In what experts believe is the first study linking asthma to outdoor pools, girls who swam in outdoor pools were shown to be at greater risk for asthma, compared to those who swam in indoor pools.

A recent survey of 303 young swimmers (150 females, 150 males and three unspecified) found that girls aged 9 to 12 who swim in outdoor pools had a higher frequency of asthma than girls or boys who swim in indoor pools only. As the number of hours spent swimming in outdoor pools increased, so did the asthma frequency among the girls. There was no significant difference among boys.

This survey is the latest research showing a correlation between swimming and respiratory problems, generally thought to be associated with chlorine disinfection byproducts.

Mark Siegel, a fourth year undergraduate student at the University of Wisconsin at Madison and former competitive swimmer, and Dr. Charles Siegel, from the University of Missouri-Kansas City School of Medicine, conducted the study. Overall, 30 percent of respondents swam in outdoor pools only and 5 percent said they swam in indoor pools only. The rest swam in both. All participants swim in the Kansas City, Mo. area.

The rate of asthma among respondents was 19 percent, compared with a national average of 9.2 percent, as reported in “Asthma in America,” a survey conducted by research firm Schulman, Ronca & Bucuvalas and funded by GlaxoSmithKline. However, because the 9.2 percent included infants who outgrow asthma, the swimmers may be a skewed population, Siegel said.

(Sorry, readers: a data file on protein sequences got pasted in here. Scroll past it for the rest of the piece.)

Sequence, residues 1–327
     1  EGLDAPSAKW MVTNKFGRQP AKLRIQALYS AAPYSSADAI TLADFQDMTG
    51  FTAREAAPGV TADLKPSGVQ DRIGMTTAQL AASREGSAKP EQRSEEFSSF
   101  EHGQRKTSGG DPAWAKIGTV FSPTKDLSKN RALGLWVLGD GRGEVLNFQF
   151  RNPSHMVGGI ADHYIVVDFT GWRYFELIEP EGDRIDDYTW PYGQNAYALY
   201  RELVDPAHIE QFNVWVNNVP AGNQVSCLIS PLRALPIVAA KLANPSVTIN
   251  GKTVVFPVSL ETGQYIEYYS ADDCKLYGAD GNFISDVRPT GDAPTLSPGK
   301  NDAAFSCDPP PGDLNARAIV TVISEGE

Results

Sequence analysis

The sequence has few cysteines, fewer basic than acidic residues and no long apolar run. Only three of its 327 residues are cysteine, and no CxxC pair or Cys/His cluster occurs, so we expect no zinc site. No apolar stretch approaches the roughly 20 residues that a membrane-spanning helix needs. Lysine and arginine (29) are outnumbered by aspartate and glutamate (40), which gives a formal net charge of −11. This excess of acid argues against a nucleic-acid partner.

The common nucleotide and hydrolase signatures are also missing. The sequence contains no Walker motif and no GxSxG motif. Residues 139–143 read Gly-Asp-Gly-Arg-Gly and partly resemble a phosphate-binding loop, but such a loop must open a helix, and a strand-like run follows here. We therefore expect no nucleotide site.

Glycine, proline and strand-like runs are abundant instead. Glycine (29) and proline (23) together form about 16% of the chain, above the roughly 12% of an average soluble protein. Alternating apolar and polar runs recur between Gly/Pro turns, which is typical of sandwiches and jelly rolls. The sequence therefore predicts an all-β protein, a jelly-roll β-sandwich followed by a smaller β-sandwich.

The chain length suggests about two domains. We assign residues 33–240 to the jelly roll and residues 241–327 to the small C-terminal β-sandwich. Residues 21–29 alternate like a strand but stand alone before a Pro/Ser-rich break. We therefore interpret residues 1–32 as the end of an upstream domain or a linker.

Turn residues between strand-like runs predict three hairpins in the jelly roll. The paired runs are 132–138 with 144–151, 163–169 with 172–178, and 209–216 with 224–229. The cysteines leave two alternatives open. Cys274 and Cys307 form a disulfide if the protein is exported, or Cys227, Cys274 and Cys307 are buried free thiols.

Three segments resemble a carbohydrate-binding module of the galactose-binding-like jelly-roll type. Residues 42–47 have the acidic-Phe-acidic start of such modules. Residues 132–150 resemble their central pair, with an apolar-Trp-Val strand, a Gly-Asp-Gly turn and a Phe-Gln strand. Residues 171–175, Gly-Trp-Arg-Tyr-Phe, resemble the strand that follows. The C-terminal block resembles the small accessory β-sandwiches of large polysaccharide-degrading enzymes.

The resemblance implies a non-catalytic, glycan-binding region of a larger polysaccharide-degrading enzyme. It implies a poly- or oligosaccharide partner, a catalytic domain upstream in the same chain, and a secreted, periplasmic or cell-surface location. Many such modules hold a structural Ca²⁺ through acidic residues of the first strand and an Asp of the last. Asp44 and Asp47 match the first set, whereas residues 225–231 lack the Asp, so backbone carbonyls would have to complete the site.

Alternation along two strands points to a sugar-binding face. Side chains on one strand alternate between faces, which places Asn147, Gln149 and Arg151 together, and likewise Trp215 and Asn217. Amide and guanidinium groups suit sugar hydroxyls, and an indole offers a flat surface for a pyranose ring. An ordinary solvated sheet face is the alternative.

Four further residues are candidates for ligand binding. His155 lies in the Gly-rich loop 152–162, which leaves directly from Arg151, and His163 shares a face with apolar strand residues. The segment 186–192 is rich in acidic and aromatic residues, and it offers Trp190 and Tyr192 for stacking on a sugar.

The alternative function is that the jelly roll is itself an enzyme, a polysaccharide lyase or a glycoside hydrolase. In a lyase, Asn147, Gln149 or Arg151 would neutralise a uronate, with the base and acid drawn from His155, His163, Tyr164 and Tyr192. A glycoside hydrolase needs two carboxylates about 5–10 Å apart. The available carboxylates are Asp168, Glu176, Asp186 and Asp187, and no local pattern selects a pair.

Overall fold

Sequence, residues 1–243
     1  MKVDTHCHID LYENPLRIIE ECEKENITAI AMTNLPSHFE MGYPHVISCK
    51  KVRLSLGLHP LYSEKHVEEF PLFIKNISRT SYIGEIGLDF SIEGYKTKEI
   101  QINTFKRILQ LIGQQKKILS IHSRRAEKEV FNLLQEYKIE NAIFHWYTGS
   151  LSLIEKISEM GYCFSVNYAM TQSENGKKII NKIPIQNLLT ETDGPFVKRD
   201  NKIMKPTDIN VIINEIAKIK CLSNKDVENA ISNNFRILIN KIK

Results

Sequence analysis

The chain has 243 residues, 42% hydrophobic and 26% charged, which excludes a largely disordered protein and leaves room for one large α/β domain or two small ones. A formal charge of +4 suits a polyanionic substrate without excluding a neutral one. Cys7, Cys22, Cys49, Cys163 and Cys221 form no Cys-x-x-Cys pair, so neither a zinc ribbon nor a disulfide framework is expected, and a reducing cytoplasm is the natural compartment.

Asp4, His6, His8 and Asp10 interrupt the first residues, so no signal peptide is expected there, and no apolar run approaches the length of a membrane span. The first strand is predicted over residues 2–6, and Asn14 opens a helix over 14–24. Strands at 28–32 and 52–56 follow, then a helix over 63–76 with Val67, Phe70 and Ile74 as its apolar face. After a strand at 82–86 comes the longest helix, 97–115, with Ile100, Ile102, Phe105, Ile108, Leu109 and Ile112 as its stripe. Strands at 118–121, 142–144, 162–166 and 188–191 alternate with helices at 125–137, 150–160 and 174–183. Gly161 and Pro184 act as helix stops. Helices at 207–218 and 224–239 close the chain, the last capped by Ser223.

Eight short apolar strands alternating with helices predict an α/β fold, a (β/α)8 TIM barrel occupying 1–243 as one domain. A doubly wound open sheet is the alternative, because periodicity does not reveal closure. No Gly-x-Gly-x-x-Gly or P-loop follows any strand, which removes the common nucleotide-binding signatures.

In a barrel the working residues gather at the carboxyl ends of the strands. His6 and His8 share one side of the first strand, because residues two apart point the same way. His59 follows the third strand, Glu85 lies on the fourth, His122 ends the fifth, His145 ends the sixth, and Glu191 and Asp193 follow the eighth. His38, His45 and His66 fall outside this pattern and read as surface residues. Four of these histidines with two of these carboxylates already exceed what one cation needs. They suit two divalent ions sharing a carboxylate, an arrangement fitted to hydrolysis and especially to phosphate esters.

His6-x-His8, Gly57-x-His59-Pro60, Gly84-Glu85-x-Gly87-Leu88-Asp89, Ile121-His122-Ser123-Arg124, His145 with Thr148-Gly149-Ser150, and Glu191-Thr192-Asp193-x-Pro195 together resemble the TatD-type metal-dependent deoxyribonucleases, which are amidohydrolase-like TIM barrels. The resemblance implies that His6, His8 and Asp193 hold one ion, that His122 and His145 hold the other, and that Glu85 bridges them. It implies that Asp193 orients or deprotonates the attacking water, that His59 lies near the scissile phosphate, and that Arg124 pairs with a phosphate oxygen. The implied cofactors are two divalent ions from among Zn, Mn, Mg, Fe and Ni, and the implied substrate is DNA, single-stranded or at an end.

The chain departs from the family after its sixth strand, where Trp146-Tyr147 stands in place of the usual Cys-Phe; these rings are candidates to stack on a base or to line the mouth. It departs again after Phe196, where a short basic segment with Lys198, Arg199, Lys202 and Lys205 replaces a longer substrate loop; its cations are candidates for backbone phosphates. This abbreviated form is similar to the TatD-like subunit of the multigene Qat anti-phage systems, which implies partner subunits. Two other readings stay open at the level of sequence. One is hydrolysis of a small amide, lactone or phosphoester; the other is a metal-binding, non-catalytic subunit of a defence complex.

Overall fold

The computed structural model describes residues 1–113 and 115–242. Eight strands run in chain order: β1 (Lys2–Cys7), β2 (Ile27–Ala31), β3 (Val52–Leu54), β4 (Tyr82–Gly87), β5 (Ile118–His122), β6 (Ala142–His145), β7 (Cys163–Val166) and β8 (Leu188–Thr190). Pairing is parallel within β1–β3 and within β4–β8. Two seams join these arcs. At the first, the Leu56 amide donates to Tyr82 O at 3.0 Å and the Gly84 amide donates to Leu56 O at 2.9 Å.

He also noted that one possible reason outdoor pools showed a greater correlation with asthma frequency may be that compared with the indoor pools, which are mainly just used for competition, outdoor pools in the Kansas City area are more likely to see greater use, often for recreational purposes. That means greater potential for disinfection byproducts because as those swimmers shed organic compounds including sweat, or even urine.

Results were presented at the American College of Allergy, Asthma & Immunology 2010 Annual Scientific Meeting, and published in the Annals of Allergy Asthma and Immunology; however, experts concur, more research is needed.

“I agree that competitive swimming indoors can create asthma, but I find it difficult to believe outdoor pools are more of the problem,” said aquatics expert Tom Griffiths, founder of Aquatic Safety Research Group in State College, Pa. “We only consider indoor pools as having ‘bad air.’ Still, it is an interesting finding and we need to do more research on both indoor and outdoor pools.”

Along with highlighting the need for greater understanding of how DBPs affect swimmers in indoor and outdoor pools, this study also calls into question the idea that swimming may be healthy for asthmatics.

“The question we always ask is: What is the best sport for people with asthma? We’ve generally said that humidity and warm air tends to be good for them, and we’ve often told our patients to swim, but this study questions this advice,” said John J. Oppenheimer, M.D., associate clinical professor of medicine at New Jersey Medical School, and chairman of the ACAAI abstract review committee.

For his part Siegel said he’d like to partner with an organization such as USA Swimming to survey a larger group.